Weather Forecast

Snowed-in houses like this one in Duluth's Piedmont neighborhood have posed a challenge for postal deliveries in Minnesota this winter. One robotics team solved that problem by using a 3-D printer to fabricate a part that failed to arrive in the mail before deadline. (BlueDevil Press staff)

Stormy winter affects robotics teams' practice times

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education Duluth,Minnesota 55802
Duluth News Tribune
Stormy winter affects robotics teams' practice times
Duluth Minnesota 424 W. First St. 55802

"Neither snow nor rain nor heat nor gloom of night stays these couriers from the swift completion of their appointed rounds."

That motto did not prove true for Team 4230, the TopperBots, from Duluth's Marshall School. Because of weather, the team was unable to receive all of its robot parts -- a gear and a motor -- in time for robot "bag day," the deadline by which all work must be completed.


So to get it done, team members turned to their new 3-D printer.

"As a placeholder, we made a plastic part to match the real part," coach Paul Schonfeld said. "This way, we could build with the plastic part and swap it out with the real part when competition begins."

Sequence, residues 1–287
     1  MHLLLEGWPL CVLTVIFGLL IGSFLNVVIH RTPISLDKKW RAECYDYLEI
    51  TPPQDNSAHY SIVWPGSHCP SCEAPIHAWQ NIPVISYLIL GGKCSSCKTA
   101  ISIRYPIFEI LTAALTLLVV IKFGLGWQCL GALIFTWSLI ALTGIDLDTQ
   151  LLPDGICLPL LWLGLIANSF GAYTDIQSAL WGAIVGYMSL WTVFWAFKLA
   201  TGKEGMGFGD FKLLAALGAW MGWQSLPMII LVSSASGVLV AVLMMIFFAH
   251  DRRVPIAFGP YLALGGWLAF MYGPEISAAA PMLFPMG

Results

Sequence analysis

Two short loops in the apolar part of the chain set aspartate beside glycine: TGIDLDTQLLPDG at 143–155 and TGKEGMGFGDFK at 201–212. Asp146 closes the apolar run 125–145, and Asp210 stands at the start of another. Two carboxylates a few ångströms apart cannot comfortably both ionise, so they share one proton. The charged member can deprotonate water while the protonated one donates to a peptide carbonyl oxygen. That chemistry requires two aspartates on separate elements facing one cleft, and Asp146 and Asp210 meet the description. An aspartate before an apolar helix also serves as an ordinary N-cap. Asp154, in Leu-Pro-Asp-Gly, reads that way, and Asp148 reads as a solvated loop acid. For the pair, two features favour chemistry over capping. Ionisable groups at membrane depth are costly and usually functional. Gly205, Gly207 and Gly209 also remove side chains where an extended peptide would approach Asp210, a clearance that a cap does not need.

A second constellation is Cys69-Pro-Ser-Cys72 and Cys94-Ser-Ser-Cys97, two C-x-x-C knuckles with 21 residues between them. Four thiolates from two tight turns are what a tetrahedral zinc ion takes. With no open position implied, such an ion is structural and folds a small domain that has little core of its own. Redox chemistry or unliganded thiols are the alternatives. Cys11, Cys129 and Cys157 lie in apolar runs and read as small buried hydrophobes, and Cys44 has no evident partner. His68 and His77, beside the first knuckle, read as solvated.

Not only did the bad weather hold back the mail, but it also caused some teams to miss a few of their build sessions. Members of Team 1259, Paradigm Shift of Milwaukee, were not able to access their school's shop during snow days. So instead, they held robotic-building parties at members' houses.

"We worked a straight 10 to 12 hours on designing the robot," Team 1259 member Sri Kodali said. "We worked on bumper designs. We worked on everything."

Team 3267, Mariner Robotics of Silver Bay, also lost two or three days because of weather.

"The biggest part that we were missing was the practice for our drivers," said Chris Belanger, the team's head coach. "They (hadn't) been able to work with our robot at all."

Some teams, however, have benefited from the blizzard-like storms. During the past few weeks, Team 3018, Nordic Storm of St. Peter, Minn., has had more time than usual to work on their bot. Student Annika Johnson said that because the team is not affiliated with a school, they were able to still meet on days when after-school activities had otherwise been canceled.

Regardless of those setbacks, 120 robots are set to compete this weekend at the DECC. Weather permitting.

Morgan Pirsig contributed to this report.